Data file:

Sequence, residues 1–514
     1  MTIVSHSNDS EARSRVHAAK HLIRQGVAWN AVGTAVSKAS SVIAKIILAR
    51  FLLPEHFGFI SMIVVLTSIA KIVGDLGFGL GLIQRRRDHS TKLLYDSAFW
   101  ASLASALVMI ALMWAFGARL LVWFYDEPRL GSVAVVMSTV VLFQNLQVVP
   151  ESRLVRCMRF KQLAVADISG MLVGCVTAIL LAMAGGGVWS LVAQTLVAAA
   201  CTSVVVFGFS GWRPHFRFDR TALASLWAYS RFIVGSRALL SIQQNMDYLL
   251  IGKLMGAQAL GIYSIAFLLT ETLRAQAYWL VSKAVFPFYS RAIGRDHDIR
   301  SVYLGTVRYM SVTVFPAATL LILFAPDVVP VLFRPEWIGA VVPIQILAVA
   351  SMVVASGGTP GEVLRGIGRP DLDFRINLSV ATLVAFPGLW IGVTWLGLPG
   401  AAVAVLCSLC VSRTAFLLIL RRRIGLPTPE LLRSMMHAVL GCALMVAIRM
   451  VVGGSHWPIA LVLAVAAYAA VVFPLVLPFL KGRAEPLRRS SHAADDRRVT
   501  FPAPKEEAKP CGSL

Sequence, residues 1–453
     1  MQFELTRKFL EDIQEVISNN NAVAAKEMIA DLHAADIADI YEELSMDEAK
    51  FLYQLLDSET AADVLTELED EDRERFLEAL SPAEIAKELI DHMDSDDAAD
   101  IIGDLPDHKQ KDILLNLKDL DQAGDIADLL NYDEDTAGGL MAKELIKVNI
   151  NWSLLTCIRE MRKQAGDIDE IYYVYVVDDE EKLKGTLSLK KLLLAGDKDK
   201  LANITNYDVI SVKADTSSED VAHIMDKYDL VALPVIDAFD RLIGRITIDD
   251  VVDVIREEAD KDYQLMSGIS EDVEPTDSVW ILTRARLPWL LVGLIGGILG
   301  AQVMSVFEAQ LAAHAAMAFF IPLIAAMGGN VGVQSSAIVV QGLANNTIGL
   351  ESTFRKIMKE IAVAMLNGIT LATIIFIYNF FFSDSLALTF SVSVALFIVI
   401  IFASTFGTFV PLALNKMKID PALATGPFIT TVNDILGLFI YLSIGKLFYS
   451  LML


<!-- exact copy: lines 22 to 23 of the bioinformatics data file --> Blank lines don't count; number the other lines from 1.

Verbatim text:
   401  IFASTFGTFV PLALNKMKID PALATGPFIT TVNDILGLFI YLSIGKLFYS
   451  LML